Reward Preferences: Which Rewards Really Motivate?
To succeed, an incentive program must capture the attention of participants and inspire them to do great things. Rewards are key to earning mindshare and achieving results. I serve on the Research Committee of the Incentive Research Foundation (IRF) and we recently completed the Rewards Preferences: Making a Lasting Impact on Incentive Program Participants study to understand which rewards really motivate incentive program participants.
This groundbreaking study turned up some surprising results. Here are a few insights you can apply to your program:
- There’s a Big Missed Opportunity. Top-ranked reward preferences included company-sponsored special events, dining rewards, and points to be accumulated and redeemed. These rewards were only offered to less than 10% of study participants, but can easily be integrated into incentive programs, particularly with the help of a points-based recognition platform.
- Program Satisfaction Correlates to Engagement. This is one of those “Which came first, the chicken or the egg?” results, but the study finds that that there is a clear relationship between recognition program satisfaction and engagement. Pay attention to participant satisfaction and the program will pay off in the end.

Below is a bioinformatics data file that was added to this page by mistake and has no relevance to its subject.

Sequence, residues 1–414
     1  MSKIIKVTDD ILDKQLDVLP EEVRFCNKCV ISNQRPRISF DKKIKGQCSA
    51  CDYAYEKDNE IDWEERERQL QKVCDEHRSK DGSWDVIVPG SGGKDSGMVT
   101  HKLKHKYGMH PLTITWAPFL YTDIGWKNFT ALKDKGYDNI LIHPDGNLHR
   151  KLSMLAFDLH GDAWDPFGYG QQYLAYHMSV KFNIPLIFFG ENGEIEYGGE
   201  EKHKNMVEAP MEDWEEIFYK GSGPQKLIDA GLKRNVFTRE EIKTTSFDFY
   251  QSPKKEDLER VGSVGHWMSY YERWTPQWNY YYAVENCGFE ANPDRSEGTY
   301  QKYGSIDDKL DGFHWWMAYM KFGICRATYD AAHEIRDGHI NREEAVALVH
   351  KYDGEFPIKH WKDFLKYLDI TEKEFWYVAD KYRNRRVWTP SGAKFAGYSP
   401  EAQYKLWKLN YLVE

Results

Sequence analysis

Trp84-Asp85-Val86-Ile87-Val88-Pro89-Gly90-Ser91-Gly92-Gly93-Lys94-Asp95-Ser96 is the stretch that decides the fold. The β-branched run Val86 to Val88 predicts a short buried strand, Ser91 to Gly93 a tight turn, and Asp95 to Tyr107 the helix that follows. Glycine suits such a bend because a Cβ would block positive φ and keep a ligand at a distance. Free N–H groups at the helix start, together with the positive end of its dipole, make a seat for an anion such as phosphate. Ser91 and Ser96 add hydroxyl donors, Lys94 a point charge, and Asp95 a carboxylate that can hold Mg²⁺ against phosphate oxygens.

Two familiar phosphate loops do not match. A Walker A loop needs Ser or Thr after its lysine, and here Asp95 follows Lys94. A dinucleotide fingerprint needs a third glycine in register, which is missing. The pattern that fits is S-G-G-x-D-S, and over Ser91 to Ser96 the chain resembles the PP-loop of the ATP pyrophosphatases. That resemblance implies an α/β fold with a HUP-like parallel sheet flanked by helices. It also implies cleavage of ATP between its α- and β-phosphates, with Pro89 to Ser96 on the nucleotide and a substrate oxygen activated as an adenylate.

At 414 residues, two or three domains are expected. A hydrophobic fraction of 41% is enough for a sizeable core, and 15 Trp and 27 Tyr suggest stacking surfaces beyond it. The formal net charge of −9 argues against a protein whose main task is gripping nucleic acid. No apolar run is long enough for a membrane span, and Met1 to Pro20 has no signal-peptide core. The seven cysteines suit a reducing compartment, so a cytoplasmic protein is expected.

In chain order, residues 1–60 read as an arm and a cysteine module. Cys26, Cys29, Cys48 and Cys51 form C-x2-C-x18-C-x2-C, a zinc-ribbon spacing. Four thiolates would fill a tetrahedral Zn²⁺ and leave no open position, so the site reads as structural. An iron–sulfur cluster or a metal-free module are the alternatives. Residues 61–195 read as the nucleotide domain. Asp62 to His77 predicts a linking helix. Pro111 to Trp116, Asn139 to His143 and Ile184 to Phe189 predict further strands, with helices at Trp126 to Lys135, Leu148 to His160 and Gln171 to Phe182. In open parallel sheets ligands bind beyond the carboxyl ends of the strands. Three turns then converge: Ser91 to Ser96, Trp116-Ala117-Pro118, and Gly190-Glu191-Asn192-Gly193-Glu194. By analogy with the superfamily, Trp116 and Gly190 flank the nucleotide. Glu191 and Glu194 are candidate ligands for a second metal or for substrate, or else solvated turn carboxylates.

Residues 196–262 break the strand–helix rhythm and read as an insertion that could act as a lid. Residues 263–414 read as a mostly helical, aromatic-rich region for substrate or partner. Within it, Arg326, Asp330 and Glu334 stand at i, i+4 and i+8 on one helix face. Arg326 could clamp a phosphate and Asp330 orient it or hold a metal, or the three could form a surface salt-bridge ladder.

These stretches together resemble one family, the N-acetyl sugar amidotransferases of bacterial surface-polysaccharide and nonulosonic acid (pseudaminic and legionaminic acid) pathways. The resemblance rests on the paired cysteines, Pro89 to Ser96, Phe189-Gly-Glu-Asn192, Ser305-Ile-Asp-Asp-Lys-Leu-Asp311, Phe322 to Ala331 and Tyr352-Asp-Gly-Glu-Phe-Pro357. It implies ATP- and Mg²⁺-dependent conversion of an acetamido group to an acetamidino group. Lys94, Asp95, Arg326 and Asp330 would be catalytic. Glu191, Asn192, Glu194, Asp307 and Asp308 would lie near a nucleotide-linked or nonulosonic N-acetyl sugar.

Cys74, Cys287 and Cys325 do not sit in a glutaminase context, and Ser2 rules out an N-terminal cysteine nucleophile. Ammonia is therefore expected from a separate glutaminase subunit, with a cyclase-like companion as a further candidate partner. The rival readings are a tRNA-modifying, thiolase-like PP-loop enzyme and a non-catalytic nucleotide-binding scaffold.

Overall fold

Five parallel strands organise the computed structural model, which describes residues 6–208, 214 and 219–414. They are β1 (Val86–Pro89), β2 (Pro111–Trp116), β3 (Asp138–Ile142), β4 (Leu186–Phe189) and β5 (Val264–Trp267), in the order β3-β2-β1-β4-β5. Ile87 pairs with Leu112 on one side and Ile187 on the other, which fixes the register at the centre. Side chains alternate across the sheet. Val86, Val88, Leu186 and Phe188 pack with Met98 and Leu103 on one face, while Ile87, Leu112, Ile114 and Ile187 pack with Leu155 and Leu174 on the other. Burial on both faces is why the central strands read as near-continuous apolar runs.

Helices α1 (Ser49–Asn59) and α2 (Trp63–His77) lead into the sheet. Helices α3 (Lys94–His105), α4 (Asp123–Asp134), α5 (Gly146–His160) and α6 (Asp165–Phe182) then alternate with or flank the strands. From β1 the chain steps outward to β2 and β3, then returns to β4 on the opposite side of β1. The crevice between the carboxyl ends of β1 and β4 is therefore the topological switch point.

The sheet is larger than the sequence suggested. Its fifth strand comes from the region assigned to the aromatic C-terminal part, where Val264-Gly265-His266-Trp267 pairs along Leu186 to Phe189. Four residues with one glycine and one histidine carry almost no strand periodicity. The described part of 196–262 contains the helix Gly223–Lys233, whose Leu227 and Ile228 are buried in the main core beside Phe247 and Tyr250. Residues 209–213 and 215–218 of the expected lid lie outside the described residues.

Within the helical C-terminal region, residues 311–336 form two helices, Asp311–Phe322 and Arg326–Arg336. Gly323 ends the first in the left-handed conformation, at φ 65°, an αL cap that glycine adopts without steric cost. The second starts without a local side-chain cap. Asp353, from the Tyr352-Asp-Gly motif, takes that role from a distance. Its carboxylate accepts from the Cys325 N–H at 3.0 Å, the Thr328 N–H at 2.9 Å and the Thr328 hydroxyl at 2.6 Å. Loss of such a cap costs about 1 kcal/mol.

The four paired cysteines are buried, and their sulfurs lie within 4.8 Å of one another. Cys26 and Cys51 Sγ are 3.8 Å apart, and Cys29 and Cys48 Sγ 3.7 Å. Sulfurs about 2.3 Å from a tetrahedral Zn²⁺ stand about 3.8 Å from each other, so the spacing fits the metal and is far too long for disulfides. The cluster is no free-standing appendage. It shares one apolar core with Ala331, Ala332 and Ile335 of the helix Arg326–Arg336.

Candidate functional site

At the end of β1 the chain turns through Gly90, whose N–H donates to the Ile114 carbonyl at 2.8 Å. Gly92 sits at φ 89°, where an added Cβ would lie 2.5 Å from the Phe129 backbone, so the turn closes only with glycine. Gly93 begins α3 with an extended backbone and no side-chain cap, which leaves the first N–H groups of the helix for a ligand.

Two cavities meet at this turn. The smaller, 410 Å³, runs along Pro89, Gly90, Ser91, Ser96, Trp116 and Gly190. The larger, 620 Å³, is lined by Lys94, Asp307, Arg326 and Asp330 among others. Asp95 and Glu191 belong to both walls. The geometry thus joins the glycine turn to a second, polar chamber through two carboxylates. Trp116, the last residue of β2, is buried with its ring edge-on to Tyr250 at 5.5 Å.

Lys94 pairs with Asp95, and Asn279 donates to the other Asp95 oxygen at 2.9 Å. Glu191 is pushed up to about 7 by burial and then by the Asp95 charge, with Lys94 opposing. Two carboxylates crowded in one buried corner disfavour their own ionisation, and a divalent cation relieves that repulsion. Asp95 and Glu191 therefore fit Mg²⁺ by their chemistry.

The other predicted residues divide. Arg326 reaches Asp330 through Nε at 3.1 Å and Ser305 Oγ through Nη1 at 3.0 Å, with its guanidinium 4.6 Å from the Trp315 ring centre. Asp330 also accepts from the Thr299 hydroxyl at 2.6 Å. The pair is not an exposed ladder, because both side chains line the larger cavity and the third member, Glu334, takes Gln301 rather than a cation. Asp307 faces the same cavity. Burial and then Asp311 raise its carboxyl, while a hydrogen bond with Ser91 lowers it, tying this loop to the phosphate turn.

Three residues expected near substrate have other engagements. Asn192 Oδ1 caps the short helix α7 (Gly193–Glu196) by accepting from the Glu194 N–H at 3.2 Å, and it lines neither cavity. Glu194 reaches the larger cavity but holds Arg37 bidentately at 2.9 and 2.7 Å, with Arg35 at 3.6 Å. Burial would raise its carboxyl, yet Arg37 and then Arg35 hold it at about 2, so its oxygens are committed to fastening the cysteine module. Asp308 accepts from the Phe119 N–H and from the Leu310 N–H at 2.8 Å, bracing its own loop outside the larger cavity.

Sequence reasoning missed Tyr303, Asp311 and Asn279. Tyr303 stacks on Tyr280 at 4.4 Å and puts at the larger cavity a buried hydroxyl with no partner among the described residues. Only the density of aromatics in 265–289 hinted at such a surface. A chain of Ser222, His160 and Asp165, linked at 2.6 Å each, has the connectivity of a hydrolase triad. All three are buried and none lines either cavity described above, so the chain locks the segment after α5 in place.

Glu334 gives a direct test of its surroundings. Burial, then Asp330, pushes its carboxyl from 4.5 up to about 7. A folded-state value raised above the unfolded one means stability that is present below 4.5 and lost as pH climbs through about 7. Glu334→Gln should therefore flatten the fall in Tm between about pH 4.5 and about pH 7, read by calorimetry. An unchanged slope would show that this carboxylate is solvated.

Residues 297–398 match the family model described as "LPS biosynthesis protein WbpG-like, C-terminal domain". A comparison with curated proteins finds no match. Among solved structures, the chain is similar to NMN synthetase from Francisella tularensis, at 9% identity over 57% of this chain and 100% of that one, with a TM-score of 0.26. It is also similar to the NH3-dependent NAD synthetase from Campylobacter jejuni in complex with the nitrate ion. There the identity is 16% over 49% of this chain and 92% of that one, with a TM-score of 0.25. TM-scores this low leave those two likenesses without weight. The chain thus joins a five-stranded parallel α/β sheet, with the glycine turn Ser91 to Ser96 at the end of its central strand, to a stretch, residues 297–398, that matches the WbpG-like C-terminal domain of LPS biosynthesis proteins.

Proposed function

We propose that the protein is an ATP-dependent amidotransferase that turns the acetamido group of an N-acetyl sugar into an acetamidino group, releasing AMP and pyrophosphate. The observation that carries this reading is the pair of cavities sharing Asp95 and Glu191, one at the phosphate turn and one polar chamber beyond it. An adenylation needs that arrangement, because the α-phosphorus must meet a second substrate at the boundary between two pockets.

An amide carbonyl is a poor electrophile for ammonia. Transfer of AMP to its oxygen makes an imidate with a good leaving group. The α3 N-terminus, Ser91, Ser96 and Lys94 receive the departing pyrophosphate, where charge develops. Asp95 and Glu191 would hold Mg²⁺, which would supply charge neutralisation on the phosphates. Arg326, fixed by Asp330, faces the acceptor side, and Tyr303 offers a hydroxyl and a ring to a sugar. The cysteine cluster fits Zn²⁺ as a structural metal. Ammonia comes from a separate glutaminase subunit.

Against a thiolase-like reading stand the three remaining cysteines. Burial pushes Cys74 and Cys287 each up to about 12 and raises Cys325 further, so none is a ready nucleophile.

- Experience Matters Most. All of the top five rewards that correlate to engagement have to do with the experience of being recognized from a prime parking place to a dinner with family paid for by the company. It’s not enough to be the best. People want to be seen as the best and to savor the resulting recognition experience.
- Incentive Travel Comes Out on Top. Even during a pandemic, incentive travel rewards are top motivators. The only thing ahead of them – paid time off. In fact, despite the concerns about COVID-19, during the fall of 2020, there was less than a 1% decrease in interest in travel as a reward. With a vaccine in distribution and hotels beginning to book their prime dates for late 2021 and beyond, it’s time to get back in the game.
- Cash Just Doesn’t Motivate. It seems counterintuitive, but it’s true. The IRF researcher writes, “Cash bonuses were almost universally a top pick of how employees wanted to be rewarded. Yet, receiving a cash bonus was ranked sixth when rewards were correlated to job satisfaction and for motivation to do best work.” That’s consistent will all of the research of the last twenty years. Check out Conscious and Unconscious Reward Preference and Choice: A Biometric Experiment for more information on how cash stacks up against merchandise and experiences. Cash is not as effective as other rewards.
The key take-away? Be sure your program is rooted in the rewards that really motivate to generate excitement and engagement. You’ll strengthen the bond between the organization and your best people through satisfaction and meet your goals through motivation. Your program is your competitive advantage.